“Released in 2002, the Guidebook provides a framework for effective rainwater management throughout the province. This tool for local governments presents a methodology for moving from planning to action that focuses on implementing early action where it is most needed,” states Laura Maclean. “The Guidebook approach is designed to eliminate the root cause of negative ecological and property impacts of rainwater runoff by addressing the complete spectrum of rainfall events. The Guidebook approach contrasts with conventional ‘flows-and-pipes’ stormwater management.”
“Have a look at some of the Water Balance Model slideshow presentations that have been made to industry and government groups starting in 2001. This includes some of the early presentations on the Water Balance Methodology that helped pave the way for the paradigm-shift from 'peak flow thinking' to 'volume-based thinking'. The many presentations created awareness and influenced expectations,” stated Ted van der Gulik.
SMART DEVELOPMENT: “The Town of Gibsons is recognized as a leader in sustainable planning and development. In many respects, the genesis can be traced back to the SmartStorm Forum Series which set in motion a chain of events that are still reverberating in British Columbia,” stated Barry Janyk, a former Mayor (1999-2011)
When the SmartStorm Forum Series introduced the term 'smart development' in 1999, the goal was to advance implementation of an integrated and balanced approach to land use. “The response to the SmartStorm Forum Series was simply overwhelming,” recalls Barry Janyk, “For the first event, held in Nanaimo, the doors had to be closed when the surge of last-minute registrations reached the seating capacity of the venue. When we decided to host the second event on the Sunshine Coast, the skeptics asked me who would come to the Sunshine Coast. Well, they did come and they came from far and wide, including Ontario.”
“Nothing will provide 100 per cent protection against the potential losses from urban floods, but planning ahead reduces the odds that you will be flooded and may reduce your costs when a flood does occur,” says Michael Drescher, University of Waterloo
“Wild weather seems increasingly widespread these days. Cities are especially vulnerable to extreme weather, meaning that many of us will end up paying for the damage it can cause. But how much we pay — and when — is largely up to us. We could, for example, pay now to prepare ourselves and limit future damage, or we can pay later to repair our properties and restore the environment,” wrote Michael Drescher.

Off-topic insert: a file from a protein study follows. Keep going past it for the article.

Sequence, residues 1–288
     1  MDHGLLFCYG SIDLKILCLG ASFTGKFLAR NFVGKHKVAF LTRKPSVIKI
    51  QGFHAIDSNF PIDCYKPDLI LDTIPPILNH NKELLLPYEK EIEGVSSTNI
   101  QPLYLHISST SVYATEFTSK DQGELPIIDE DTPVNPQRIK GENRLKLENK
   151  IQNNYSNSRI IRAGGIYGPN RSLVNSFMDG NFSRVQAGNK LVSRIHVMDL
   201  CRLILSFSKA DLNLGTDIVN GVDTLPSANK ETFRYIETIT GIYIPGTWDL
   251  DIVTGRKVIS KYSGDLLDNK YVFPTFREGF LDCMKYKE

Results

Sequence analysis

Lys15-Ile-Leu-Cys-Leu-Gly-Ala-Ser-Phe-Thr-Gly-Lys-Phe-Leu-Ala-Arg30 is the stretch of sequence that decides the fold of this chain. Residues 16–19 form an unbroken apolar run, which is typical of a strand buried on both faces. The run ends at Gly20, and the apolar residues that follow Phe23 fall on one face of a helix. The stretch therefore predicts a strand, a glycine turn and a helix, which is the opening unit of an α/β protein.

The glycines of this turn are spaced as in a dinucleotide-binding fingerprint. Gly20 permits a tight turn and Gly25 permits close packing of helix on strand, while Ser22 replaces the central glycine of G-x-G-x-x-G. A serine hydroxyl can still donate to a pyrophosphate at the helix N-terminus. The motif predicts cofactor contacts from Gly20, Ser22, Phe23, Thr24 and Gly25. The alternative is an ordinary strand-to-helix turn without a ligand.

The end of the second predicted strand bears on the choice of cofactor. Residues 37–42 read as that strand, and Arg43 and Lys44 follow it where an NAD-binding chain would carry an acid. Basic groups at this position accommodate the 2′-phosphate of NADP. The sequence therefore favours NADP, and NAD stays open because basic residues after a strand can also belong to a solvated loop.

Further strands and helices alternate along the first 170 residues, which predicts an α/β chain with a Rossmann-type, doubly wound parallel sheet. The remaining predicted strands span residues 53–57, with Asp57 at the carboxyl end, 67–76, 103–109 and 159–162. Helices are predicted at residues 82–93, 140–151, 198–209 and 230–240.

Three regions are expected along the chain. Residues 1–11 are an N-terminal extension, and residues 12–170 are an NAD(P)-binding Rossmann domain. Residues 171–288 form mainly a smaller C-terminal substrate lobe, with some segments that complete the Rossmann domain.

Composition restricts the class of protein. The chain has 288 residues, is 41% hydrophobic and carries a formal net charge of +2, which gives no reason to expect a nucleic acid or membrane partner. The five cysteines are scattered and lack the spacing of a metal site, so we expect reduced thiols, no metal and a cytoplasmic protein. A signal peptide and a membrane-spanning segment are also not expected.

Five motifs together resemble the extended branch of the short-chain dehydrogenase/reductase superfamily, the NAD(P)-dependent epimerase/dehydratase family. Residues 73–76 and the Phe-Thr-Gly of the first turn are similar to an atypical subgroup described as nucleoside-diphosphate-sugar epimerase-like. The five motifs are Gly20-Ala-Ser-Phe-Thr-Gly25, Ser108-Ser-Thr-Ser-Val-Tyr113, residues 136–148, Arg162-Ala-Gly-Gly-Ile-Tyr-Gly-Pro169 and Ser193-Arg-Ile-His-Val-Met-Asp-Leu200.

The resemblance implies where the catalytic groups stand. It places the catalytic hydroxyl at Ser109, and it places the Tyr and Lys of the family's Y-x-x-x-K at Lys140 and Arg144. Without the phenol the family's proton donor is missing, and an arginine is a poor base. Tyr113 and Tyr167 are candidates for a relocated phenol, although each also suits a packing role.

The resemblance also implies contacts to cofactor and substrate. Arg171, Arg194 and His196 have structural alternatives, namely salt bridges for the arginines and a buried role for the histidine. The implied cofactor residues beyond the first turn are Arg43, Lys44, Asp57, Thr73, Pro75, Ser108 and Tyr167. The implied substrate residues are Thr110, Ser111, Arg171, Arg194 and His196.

VIDEO: “Maximum Extent Practicable, or MEP, has become the definitional driver for a lot of what we do,” said Andy Reese, engineer and writer who coined the term Voodoo Hydrology in 2006 to explain the pitfalls inherent in urban drainage practice
“Years ago I was privileged to travel around the US with EPA putting on seminars,” stated Andy Reese in 2011. “Three off-the-cuff words have probably have had the biggest impact in influencing land design of any sort of regulatory program that ever was, and perhaps that ever will be. Those three words were maximum, extent and practicable. Back then, none of those words were capitalized. They were just a made-up term. But MEP is now taking on green infrastructure overtones, sustainability overtones, LID overtones, and on and on.”
BASEMENT FLOODING PROTECTION PROGRAM: As climate experts forecast more frequent extreme rain events, Toronto is working towards protecting properties by modernizing its storm drainage system
In Toronto, the Basement Flooding Protection Program was initially approved in 2006, a year after Canada’s sixth most expensive natural catastrophe, which was a massive rain storm Aug. 19, 2005. “Basement flood protection projects include sewers, storm sewer tunnels, inlet control devices (intended to slow the drain of rain into the sewer system) and catch basins. The city is also installing underground holding tanks, which are essentially massive storage facilities that allow for storm sewer systems to catch up when there is a heavy rainfall event,” stated Glenn McGillivray.
EDITORIAL: Is Stormwater Management the Key to Greener, More Resilient and Healthier Communities? – “Taxpayers can get far more bang for their public buck by investing in widespread green infrastructure implementation than huge holding tanks to capture stormwater,” says Steven Peck